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Articles / Applying to College / Effect of "Withdrawal" on College Admission Decisions?

Sept. 18, 2010

Effect of "Withdrawal" on College Admission Decisions?

Question: I'm in 10th grade. How much will a W (Withdrawal) on a transcript hurt chances of getting into a college?

A "W" won't necessarily hurt you at all, but the key factor will be what's left on your schedule once you pull out of a class. For instance, let's say you're a biology buff and thus you decide to take both AP Bio and Environmental Science at the same time. But then you realize that you've bitten off more than you could chew. Dropping the Environmental Science won't hurt you. Dropping the AP Bio will be somewhat more significant since it's a "weighted" course which might affect your cumulative GPA and class rank. Even if your high school doesn't rank its students, your overall course load will be less demanding without this AP. The more selective colleges will probably notice this. Other colleges might not. And if you drop the only class you were taking in a major field (science, math, foreign language, etc.) then this will leave a visible void on your transcript. Dropping an elective such as psychology, yearbook, band, etc. wouldn't. In fact, if your schedule is full of rigorous major subjects, dropping an elective shouldn't have any effect on college outcomes.


Since you are still a sophomore, a Withdrawal of any sort will usually have less impact on college verdicts than it might in your junior or senior years. Admission folks especially don't like to see W's after a student has been admitted. I've known of seniors who got good news from top-choice colleges in the Early Decision or Early Action round and then decided to coast through the rest of the school year by dumping one or more of their more challenging classes. But Early acceptances are predicated on the student taking the same list of classes that appeared on the initial application. So a "W" after an early acceptance can be short for "Woe is me!" :(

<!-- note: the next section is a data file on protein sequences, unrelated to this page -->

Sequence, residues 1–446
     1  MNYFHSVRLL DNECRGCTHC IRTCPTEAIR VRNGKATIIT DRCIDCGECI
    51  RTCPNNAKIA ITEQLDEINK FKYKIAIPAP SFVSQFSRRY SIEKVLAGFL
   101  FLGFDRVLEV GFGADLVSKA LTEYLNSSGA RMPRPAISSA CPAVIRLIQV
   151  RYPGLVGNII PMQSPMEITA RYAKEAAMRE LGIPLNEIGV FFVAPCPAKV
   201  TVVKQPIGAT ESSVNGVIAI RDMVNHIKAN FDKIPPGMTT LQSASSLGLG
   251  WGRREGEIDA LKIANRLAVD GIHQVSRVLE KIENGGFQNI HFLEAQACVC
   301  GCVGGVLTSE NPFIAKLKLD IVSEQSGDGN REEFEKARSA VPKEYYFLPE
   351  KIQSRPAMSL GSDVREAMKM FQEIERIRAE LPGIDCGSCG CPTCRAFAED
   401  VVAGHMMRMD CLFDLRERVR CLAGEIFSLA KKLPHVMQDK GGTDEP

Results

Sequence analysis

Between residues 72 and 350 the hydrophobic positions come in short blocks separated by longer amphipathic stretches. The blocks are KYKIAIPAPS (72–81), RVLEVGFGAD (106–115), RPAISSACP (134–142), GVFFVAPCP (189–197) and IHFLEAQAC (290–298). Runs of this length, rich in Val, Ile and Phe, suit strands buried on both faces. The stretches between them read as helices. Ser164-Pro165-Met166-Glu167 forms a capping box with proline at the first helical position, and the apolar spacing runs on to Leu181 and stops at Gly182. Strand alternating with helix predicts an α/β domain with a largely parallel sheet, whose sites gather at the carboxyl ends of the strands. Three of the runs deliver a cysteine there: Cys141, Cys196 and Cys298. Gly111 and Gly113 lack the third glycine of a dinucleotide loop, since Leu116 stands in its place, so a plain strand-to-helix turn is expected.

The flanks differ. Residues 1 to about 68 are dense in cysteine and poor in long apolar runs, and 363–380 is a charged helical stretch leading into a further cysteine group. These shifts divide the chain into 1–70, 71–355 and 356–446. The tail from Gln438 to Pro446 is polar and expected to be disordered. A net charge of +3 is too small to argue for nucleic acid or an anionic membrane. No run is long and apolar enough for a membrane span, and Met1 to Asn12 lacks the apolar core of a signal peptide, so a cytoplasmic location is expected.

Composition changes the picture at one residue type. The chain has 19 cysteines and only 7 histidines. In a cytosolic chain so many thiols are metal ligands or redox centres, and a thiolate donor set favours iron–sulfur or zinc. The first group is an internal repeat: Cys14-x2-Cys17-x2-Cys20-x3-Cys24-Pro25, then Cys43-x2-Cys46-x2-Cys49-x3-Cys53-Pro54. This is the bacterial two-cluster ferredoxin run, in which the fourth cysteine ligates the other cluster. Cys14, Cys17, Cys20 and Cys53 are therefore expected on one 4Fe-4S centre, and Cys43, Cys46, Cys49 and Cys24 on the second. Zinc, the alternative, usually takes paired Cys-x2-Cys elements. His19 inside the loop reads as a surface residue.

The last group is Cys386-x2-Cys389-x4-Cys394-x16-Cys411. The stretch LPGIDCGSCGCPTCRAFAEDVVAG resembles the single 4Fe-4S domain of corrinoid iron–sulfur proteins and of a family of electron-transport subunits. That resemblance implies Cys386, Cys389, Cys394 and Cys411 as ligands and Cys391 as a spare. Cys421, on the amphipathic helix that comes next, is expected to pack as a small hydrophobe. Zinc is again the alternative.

But do keep in mind that, if you're stressed about your current course load but worried that dropping a class might torpedo college admission odds later on, you need to put your mental and physical health ahead of potential admission decisions.

Written by

Sally Rubenstone

Sally Rubenstone

Sally Rubenstone knows the competitive and often convoluted college admission process inside out: From the first time the topic of college comes up at the dinner table until the last duffel bag is unloaded on a dorm room floor. She is the co-author of Panicked Parents' Guide to College Admissions; The Transfer Student's Guide to Changing Colleges and The International Student's Guide to Going to College in America. Sally has appeared on NBC's Today program and has been quoted in countless publications, including The New York Times, The Washington Post, USA Weekend, USA Today, U.S. News & World Report, Newsweek, People and Seventeen. Sally has viewed the admissions world from many angles: As a Smith College admission counselor for 15 years, an independent college counselor serving students from a wide range of backgrounds and the author of College Confidential's "Ask the Dean" column. She also taught language arts, social studies, study skills and test preparation in 10 schools, including American international schools in London, Paris, Geneva, Athens and Tel Aviv. As senior advisor to College Confidential since 2002, Sally has helped hundreds of students and parents navigate the college admissions maze. In 2008, she co-founded College Karma, a private college consulting firm, with her College Confidential colleague Dave Berry, and she continues to serve as a College Confidential advisor. Sally and her husband, Chris Petrides, became first-time parents in 1997 at the ripe-old age of 45. So Sally was nearly an official senior citizen when her son Jack began the college selection process, and when she was finally able to practice what she had preached for more than three decades.

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